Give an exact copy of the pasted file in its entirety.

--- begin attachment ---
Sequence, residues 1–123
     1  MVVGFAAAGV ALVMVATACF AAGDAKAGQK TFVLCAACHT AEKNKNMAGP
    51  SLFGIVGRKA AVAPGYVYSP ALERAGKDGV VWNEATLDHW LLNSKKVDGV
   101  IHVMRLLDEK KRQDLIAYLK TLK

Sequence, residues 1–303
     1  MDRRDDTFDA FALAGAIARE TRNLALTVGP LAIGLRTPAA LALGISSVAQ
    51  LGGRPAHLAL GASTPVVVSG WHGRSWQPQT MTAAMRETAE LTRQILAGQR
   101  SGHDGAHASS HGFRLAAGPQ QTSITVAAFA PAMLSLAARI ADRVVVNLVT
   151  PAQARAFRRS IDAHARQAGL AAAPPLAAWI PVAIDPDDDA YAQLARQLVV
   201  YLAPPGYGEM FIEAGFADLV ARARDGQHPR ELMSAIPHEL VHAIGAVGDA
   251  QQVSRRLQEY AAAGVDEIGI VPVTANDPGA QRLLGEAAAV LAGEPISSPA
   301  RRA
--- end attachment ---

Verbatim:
Sequence, residues 1–123
     1  MVVGFAAAGV ALVMVATACF AAGDAKAGQK TFVLCAACHT AEKNKNMAGP
    51  SLFGIVGRKA AVAPGYVYSP ALERAGKDGV VWNEATLDHW LLNSKKVDGV
   101  IHVMRLLDEK KRQDLIAYLK TLK

Sequence, residues 1–303
     1  MDRRDDTFDA FALAGAIARE TRNLALTVGP LAIGLRTPAA LALGISSVAQ
    51  LGGRPAHLAL GASTPVVVSG WHGRSWQPQT MTAAMRETAE LTRQILAGQR
   101  SGHDGAHASS HGFRLAAGPQ QTSITVAAFA PAMLSLAARI ADRVVVNLVT
   151  PAQARAFRRS IDAHARQAGL AAAPPLAAWI PVAIDPDDDA YAQLARQLVV
   201  YLAPPGYGEM FIEAGFADLV ARARDGQHPR ELMSAIPHEL VHAIGAVGDA
   251  QQVSRRLQEY AAAGVDEIGI VPVTANDPGA QRLLGEAAAV LAGEPISSPA
   301  RRA